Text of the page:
I’m Doing Every New Year’s Resolution is a series about changing your life through goal-setting. For 2017 I set 10 resolutions and I’m going to try to achieve them all. Read the original post explaining everything if you’re just getting started. In each post I review my daily progress. This is day one:
My alarm went off at 7 but I didn’t want to get up. I had woken up in the middle of the night with a throat ache. My girlfriend encouraged me to get up and then we went down together. Before exercising I felt groggy and sick. It was a bad way to start the day. Then, I spent 31 minutes on a stationary bike. After that I felt a lot better. Why did I do 31 minutes? Because I worried that stopping at 30 might encourage me to view that as a ceiling, not a starting point. Doing 31 is a mental note that I can do more than half an hour. I also plan on incorporating weights into the routine, but this is just the beginning.
In the morning I created a spreadsheet to track all of my expenses. I plan on updating this whenever I make a new purchase.
I also created a goal to save $2,000 automatically using Qapital. Qapital is an iPhone app that helps me automatically save. (Comment with your email if you want an invite with a free $5 bonus.)
My “2017 Savings” account is funded two ways. First, anytime I purchase something with an American Express card the transaction is rounded up to the next $2. So, If I spend $10.50, an extra $1.50 is added to my savings account. Second, I set it up to automatically save $20 per week.
$20 x 52 weeks means that I’m saving $1,040 through the second method, while other savings will be dependent on how much I spend.
Get Organized:I completely cleaned out and washed the refrigerator. It took about 15 minutes.
Learn Chinese: I used the iPhone app Pleco to study Chinese flashcards for 16 minutes during lunch. 我还有很多要学习!
Practice Guitar: I played guitar after dinner and worked on a song I’m writing. It was fun but I was pretty tired once I got to it.
For breakfast I had a bottle of Soylent and an Apple. Soylent is a balanced food, but it has 9 grams of sugar. However, Soylent claims this sugar is isomaltulose, which apparently does not lead to the same type of sugar high and insulin spikes as sucrose (normal sugar). In any event, if you got 100% of a 2,000-calorie diet through Soylent you’d end up consuming 45 grams of sugar—10% less than the recommended 50-gram limit.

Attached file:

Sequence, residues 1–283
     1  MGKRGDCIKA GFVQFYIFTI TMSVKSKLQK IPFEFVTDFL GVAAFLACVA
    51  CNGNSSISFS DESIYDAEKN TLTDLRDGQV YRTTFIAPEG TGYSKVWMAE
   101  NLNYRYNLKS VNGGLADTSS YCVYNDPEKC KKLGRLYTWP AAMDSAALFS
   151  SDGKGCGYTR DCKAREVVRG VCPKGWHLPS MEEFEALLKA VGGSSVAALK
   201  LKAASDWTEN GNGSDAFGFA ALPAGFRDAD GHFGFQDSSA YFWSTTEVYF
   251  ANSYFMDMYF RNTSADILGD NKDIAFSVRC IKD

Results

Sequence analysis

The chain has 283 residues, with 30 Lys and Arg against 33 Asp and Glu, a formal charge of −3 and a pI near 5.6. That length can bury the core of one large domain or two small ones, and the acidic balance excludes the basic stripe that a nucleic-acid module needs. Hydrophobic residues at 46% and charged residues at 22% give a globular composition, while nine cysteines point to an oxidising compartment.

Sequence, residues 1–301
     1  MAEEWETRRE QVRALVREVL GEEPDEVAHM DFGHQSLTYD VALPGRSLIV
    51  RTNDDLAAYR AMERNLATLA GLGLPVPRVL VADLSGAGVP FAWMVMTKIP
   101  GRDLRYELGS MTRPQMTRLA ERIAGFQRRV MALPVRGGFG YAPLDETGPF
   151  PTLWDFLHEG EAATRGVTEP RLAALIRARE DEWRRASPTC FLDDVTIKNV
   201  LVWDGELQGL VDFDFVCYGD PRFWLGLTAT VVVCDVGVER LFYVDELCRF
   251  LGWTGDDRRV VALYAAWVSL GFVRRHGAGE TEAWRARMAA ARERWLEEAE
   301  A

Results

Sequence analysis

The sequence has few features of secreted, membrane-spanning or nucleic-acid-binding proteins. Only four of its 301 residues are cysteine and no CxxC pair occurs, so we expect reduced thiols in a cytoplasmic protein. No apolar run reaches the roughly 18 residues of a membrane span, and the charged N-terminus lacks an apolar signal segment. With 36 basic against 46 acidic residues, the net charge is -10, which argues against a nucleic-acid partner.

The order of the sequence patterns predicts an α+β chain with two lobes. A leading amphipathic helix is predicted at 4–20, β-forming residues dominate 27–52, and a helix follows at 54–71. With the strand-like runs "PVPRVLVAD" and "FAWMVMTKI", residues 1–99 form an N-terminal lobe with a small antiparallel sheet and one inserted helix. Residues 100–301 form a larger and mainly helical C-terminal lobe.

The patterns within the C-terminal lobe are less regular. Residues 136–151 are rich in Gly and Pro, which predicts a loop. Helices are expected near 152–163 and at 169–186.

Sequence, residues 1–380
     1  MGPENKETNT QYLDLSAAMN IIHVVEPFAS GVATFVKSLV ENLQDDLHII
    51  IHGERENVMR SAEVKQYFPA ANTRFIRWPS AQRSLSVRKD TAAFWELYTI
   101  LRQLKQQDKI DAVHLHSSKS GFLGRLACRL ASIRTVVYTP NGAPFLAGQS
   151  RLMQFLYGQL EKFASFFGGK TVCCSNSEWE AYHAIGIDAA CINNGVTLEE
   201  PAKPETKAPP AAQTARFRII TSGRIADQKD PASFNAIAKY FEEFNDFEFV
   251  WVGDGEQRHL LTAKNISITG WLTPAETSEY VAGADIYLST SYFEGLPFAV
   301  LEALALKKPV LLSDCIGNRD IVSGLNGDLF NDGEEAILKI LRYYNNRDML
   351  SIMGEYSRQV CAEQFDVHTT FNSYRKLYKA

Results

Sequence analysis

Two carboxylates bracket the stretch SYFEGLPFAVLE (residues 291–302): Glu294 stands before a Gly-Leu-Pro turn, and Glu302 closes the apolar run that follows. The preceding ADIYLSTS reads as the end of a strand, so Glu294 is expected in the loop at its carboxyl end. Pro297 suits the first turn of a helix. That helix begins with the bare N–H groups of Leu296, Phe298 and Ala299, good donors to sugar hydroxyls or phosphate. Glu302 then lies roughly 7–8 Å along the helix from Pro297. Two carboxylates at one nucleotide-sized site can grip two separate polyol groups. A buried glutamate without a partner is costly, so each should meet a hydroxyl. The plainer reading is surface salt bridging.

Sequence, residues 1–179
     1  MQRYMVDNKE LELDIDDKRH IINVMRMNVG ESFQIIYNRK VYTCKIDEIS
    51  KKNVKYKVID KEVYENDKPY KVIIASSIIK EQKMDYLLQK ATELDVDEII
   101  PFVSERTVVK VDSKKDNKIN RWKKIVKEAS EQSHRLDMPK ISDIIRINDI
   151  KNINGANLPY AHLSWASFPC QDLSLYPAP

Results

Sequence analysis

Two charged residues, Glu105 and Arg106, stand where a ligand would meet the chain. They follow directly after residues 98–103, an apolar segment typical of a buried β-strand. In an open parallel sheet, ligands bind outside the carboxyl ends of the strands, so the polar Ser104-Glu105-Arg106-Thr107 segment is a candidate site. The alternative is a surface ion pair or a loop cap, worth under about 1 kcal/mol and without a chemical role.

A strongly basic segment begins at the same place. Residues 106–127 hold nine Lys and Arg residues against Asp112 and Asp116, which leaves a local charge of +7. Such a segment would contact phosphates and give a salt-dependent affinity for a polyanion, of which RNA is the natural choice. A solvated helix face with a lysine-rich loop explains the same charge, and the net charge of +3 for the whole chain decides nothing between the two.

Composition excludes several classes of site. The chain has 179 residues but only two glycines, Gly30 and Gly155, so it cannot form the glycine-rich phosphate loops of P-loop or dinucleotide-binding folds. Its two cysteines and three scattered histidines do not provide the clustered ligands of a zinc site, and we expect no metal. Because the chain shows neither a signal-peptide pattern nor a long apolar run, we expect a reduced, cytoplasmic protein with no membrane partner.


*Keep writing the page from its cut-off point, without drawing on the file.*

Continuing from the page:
Given the debate over isomaltulose and the fact that Soylent is a balanced, nutritious food, I decided not to let the perfect be the enemy of the good, and I will continue to have Soylent.
Later in the day I browsed the grocery store looking for foods with no added sugar. Since I’m vegetarian, I figured the goal would be even more difficult. Luckily, seitan, tempeh, and daiya cheese all have no added sugar. So, I made vegan tacos seasoned with red pepper flakes. It was pretty good. I also had an apple, and bottle of Kombucha which had 2 grams of sugar. But, since the ingredients were simply ginger juice and fermented tea, it seemed that any sugar in the beverage was naturally occurring. Even taking a cynical view of my sugar consumption, I only had 11 grams of sugar by the time breakfast and lunch were finished. Given a can of Coca Cola has 39 grams of sugar, I felt pretty good about being at only 11 grams by the afternoon.
Instead of an afternoon snack I made some tea. For dinner I had a sweet potato with some daiya cheese and kimchi. The kimchi had a small amount of sugar in it. I had about one serving, so for this brand that would be 4 grams of sugar. I also had some tofu and bok choy soup made with sugar-free vegetable broth, and some baked cauliflower with olive oil and salt. Everything except the kimchi was sugar free.
All in all, I apparently only consumed approximately 15 grams of added sugar today. I say apparently only because I thought it would be much harder. I did have two apples, however, so it’s not like I wasn’t eating anything sweet, it’s just that there wasn’t too much refined sugar.
Read 26 Books: I’m currently halfway through But What If We’re Wrong and will continue reading that before bed.
Minimize Social Media: I did check Facebook, but I probably spent under 2 minutes on the site. I haven’t done any newsfeed scrolling.
Write Every Day: I wrote this review of Contagious by Jonah Berger, in addition to the post you are reading now.
Make a Difference: I’ve already realized that this goal is too nebulous. I picked up a piece of trash in our apartment hallway, and I’ve tried to be friendly, but I probably need to shift this to a concrete form of action. Maybe donating $10 a month to the ACLU or something.
One thing I’m interested in trying is complimenting someone new everyday. I’m a little worried it won’t seem genuine, but this might be another good option.
Day One Recap:
Having lots of resolutions has forced me to spread out groups of little goals throughout the day. I worried this would make me feel too busy, but for now it has made me feel more productive. If I hadn’t been trying to keep 10 resolutions, I definitely wouldn’t have gone to the gym today, but I’m glad I did. So far I’m optimistic that I’ll be able to keep up with my goals.
While I achieved everything I wanted to today, I can see how precarious it all is. One big deadline or a trip out of town without planning could easily wreck the schedule. I am not sure how portable this is while traveling. All in all, it was a good first day and I’m optimistic about the future.